Health coverage for less than $100 a month? For millions of Americans? Is it just Obama administration propaganda? Or could it be true?
The U.S. Department of Health and Human Services says it may be true. But a report it issued Tuesday asserting as much is based on some less-than-certain assumptions, as well as some out-of-date figures.
In the report, HHS said if you add up everyone who is eligible for subsidized state exchange coverage and for the new Medicaid benefits, then “23.2 million, or 56 percent, of the 41.3 million eligible uninsured may qualify for Medicaid, CHIP (the children’s Medicaid program), or tax credits to purchase coverage for $100 or less per person per month.”
HHS obtained its 41.3 million uninsured Americans figure from a 2011 American Community Survey, which is produced by the Census Bureau. Oddly enough, a more recent survey by the ACS – which coincidentally also was released Tuesday – estimates the number of uninsured Americans at 48 million.
So this additional 7 million uninsured is going to throw all the math off.
Regardless, HHS says 6.4 million of the uninsured “may be able to pay $100 or less per person per month for the second lowest-cost silver plan in the marketplace in their state in 2014, after taking into account their available premium tax credits.”
HHS also estimates that an additional 4.3 million (of the 22 million) who buy the lowest-cost bronze plan may be able to pay $100 or less per person per month.
The agency bases its figures on income and family sizes, which it acknowledged were simplified and could lead to “small” effects on the data.
What many surveys have shown is that HHS also might have wanted to take into consideration the difficulty many people are likely to have navigating the system to determine the tax credits they qualify for.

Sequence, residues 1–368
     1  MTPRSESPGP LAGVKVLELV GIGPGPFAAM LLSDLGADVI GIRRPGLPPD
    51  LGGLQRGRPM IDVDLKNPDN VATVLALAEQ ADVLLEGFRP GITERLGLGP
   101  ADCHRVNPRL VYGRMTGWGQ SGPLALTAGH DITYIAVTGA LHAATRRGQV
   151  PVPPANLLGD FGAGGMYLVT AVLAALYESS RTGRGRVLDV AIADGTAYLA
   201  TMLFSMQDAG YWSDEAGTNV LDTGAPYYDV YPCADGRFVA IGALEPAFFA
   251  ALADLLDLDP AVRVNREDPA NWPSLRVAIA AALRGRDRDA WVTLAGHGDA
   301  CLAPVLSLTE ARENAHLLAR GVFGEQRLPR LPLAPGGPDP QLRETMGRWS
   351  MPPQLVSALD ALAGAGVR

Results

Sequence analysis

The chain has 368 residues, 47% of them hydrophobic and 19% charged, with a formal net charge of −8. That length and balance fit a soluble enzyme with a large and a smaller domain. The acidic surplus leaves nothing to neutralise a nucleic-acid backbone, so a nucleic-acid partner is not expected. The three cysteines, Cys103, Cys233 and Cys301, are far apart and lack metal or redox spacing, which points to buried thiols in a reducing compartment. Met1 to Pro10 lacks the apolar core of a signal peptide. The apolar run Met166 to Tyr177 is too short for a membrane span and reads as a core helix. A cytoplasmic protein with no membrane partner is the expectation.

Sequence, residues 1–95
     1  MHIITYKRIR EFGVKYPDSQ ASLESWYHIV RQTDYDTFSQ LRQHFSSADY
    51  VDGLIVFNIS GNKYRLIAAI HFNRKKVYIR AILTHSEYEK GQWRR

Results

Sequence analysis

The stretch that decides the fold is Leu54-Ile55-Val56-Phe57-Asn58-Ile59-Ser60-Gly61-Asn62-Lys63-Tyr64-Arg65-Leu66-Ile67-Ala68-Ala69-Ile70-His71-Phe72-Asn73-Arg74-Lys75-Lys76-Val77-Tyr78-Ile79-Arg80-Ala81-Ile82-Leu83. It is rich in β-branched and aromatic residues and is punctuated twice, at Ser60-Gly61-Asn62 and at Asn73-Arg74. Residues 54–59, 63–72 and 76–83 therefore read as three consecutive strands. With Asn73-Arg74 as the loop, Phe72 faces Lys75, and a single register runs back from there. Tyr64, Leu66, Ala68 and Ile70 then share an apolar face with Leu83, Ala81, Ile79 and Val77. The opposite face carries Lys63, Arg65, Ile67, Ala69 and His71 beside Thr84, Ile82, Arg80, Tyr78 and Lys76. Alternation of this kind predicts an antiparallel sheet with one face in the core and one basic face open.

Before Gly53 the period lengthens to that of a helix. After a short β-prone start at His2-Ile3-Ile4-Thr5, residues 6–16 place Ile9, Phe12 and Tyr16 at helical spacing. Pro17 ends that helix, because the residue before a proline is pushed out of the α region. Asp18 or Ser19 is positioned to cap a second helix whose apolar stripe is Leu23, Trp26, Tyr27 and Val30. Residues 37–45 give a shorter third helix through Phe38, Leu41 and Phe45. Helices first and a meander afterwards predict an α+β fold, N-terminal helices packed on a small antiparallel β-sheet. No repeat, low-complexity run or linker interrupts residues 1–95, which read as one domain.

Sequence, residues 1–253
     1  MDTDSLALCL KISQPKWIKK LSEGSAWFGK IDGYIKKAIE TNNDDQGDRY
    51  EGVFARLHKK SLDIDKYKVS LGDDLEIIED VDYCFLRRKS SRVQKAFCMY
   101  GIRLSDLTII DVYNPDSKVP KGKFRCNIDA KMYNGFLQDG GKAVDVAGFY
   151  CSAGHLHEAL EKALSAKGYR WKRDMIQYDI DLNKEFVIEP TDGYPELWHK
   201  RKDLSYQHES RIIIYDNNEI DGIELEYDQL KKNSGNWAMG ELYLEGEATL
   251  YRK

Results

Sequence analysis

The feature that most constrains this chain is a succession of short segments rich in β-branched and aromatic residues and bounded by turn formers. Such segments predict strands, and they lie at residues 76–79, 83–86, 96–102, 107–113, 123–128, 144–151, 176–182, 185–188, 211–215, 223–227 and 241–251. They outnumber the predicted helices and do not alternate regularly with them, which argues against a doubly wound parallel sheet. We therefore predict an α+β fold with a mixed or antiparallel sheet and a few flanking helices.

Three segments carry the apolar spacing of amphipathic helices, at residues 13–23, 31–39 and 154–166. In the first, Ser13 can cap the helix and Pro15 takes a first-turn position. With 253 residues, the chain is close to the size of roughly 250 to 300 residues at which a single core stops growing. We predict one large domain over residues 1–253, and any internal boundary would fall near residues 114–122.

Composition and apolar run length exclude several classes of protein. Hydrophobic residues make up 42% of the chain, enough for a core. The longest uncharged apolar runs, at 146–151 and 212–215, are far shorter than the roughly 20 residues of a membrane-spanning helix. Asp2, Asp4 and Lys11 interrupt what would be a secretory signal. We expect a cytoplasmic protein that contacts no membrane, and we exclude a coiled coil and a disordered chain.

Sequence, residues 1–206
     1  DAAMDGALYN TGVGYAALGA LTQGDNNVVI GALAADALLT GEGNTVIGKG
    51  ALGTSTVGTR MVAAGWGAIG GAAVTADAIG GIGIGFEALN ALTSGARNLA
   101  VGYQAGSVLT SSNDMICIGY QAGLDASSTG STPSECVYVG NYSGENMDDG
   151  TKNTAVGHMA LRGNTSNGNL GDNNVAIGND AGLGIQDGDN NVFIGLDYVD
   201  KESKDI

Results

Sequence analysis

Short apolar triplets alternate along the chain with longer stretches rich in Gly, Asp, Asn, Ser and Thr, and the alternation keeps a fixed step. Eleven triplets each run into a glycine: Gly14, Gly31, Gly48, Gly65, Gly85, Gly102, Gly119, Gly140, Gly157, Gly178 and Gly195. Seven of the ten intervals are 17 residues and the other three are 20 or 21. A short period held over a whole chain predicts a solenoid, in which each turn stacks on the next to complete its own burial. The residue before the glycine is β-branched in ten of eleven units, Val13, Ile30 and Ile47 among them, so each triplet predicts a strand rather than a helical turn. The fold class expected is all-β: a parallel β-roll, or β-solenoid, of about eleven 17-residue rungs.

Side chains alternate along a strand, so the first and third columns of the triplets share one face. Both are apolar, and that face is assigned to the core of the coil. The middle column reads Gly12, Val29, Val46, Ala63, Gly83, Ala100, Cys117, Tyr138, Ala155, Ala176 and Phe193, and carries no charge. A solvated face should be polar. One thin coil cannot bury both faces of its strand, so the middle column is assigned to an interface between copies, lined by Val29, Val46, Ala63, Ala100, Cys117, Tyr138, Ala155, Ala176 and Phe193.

Another problem? By its own admission, the agency’s estimates of what marketplace plans will cost could also be off, which, it said, "means our estimate may overstate the number of individuals who will be able to purchase a bronze plan for $100 or less.”
Meanwhile, according to the agency’s math, there’s another 12.4 million Americans who “will be eligible for Medicaid or CHIP in states that have chosen to expand their Medicaid programs to date." This group will pay either no premium or only a nominal premium in 2014, it predicted.
Here, HHS makes a rather large assumption. In a report footnote, it says: “The estimates assume that the following 25 states will expand their Medicaid programs:” and then it lists all the states that have at least indicated they might expand their Medicaid programs under the new rules. Of course, no one knows if this will happen until it happens.
The grand total of all of these populations is 23.2 million — which, of course, is not 56 percent of the 48 million uninsured ACS reported last year, but more like 48 percent of the updated Census figures.
HHS admits that its study has at least one other big limitation:
It left out “the eligible uninsured living in non-Medicaid expansion states with family incomes of below 100 percent of the federal poverty level.”
Still, whatever the real number turns out to be, the folks who may get health coverage for less than $100 a month ought to be pretty happy about it.